The Tanzanian currency comprises of Shillings and Cents – 100 Cents making up a Shilling. VISA, MASTERCARD & AMERICAN EXPRESS are accepted as a form of payment at most establishments in major towns, at all hotels and lodges and even at most road side curio shops. Please beware however, that you may be charged an extra 5 {cade3cd6ea44c9e099402f61e95e983e8f83ab951f3ff944c0038bbba399d24f} mark-up on top of the price as establishments are charged a fixed percentage of their transactions. There are ATM machines in all airports, major towns and cities from which money in cash can be withdrawn.

Kiswahili or Swahili is the official language with English being the official primary language of commerce, administration and higher education. Tanzanians in most tourist areas speak English, but knowing a few Swahili words and greetings will be greatly appreciated, going a long way to smoothing your travels.

Food & Drinks:
For most Tanzanians, including those who live in urban areas, no meal is complete without a preferred staple carbohydrate—corn, rice, cassava, sorghum, or plantains, for example. Plantains are preferred in the northwest, ugali (a thick mash of corn or sorghum) in the central and southwestern regions, and rice in the south and along the coast. The staple is accompanied by a fish, beef, goat, chicken, or mutton stew or fried pieces of meat, along with several types of vegetables or condiments, commonly including beans, leafy greens resembling spinach, manioc leaves, chunks of pumpkin, or sweet potatoes. Indian food (such as chapatis , a flat bread; samosas , vegetable or meat-filled pastries; and masala ,a spiced rice dish), is widely available in all urban areas.

Breakfast preferences depend on income levels and local tradition: bread, sweet rolls or biscuits ( mandazi ), coffee or tea (sometimes with spices, sugar, and/or milk), buttermilk, and chicken broth are the most common foods. Finger foods sold on the streets include fried plantains and sweet potatoes, charcoal-roasted corn on the cob (with no butter or salt), small bags of peanuts and popcorn, pieces of dried or fried fish, samosas , bread, fruit, dates, hard candy, gum, and mishikaki , or shish kebabs of beef or goat grilled over a charcoal fire. In local bars selling homemade brews or bottled spirits and pop, it is common to eat roasted meat—beef or goat; often the meat will be flavored with hot peppers, salt, and fresh lime juice.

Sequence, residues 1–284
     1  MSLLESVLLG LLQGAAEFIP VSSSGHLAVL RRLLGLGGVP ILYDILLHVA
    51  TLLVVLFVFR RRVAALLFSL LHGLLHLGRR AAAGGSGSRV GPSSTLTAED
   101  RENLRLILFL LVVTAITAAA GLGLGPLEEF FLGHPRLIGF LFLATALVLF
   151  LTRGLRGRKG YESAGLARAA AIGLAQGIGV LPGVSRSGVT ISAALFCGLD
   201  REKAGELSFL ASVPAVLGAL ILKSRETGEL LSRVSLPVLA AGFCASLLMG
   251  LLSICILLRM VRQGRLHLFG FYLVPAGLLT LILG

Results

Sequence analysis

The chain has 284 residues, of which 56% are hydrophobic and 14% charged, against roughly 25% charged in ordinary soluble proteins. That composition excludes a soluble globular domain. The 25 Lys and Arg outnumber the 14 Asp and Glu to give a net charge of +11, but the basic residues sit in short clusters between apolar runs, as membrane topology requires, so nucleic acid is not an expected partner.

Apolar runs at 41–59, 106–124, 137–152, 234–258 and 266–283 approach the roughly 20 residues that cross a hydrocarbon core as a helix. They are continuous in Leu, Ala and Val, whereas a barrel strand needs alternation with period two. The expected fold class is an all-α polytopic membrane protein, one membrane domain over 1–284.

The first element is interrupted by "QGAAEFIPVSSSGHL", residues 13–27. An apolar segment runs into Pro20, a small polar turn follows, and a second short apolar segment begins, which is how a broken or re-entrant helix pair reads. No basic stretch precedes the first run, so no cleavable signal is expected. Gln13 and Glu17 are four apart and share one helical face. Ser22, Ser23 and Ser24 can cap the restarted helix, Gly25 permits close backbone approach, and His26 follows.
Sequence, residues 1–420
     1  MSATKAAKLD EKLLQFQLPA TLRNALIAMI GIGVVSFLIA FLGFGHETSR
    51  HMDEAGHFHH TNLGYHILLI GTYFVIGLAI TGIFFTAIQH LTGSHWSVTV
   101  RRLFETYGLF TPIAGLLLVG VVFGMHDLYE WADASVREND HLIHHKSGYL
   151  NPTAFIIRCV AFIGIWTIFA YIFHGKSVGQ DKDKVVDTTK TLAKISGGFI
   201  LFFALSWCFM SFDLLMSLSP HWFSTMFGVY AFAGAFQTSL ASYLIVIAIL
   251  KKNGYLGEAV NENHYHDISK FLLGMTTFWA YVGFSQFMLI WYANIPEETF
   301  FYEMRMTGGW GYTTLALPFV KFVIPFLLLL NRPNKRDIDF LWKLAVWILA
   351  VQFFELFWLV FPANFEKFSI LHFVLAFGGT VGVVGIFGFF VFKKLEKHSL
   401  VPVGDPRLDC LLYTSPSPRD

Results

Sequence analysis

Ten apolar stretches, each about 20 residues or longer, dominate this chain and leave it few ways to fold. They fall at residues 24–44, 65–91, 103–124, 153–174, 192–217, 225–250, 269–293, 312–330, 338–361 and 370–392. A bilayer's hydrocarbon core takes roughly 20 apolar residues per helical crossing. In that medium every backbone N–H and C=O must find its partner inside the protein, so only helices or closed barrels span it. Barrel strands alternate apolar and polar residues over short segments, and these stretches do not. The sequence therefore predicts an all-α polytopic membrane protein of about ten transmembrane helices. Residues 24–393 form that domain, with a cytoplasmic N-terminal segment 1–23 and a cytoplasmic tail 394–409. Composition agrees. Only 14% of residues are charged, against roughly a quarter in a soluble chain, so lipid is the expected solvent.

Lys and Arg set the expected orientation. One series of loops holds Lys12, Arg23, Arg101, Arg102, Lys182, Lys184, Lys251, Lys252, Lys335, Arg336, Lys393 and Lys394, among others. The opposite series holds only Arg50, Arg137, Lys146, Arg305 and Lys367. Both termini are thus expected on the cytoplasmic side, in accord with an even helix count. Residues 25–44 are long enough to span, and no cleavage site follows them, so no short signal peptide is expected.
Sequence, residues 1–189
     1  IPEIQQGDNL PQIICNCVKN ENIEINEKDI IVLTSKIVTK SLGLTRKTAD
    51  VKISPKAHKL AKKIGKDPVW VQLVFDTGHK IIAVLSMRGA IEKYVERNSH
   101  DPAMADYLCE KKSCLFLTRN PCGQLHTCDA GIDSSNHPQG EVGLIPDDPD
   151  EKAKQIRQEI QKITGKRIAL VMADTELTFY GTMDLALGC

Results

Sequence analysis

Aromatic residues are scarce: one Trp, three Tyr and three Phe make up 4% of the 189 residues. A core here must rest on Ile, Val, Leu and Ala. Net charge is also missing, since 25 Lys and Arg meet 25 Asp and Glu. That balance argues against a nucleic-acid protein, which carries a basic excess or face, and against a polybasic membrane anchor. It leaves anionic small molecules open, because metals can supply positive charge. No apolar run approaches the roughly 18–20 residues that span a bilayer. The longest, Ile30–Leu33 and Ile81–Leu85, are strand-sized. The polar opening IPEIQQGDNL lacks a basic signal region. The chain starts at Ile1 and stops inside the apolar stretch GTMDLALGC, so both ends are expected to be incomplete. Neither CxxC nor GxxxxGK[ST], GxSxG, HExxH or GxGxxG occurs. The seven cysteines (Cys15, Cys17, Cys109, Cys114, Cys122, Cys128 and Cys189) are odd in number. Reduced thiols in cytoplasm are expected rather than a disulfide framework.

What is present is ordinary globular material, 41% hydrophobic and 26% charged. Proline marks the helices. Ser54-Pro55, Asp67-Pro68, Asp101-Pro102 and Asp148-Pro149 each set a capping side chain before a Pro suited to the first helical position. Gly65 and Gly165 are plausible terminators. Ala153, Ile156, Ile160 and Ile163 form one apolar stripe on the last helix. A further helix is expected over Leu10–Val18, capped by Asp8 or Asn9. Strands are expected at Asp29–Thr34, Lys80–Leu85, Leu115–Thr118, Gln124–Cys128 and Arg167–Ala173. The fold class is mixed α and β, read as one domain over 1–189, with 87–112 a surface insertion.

Travel Insurance:
When buying your travel insurance, always check the small print – some policies specifically exclude ‘dangerous activities’, which could be anything from scuba diving to horse riding. You should check whether the medical coverage is on a pay first, claim later basis and, more importantly, ensure that your medical coverage includes the cost of medical evacuation.

Most nationals require a visa to enter Tanzania. As the visa requirements are constantly changing, we suggest that you speak to your local travel agent to get the latest information.

International Airports:
Julius Nyerere International Airport – Dar es Salaam
Kilimanjaro International Airport – Kilimanjaro
Arusha Airport – Arusha
Abeid Amani Karume International Airport – Zanzibar

Capital: Dodoma
Currency: Tanzanian shilling
Population: 55.57 million
Official languages: None de jure, Swahili, English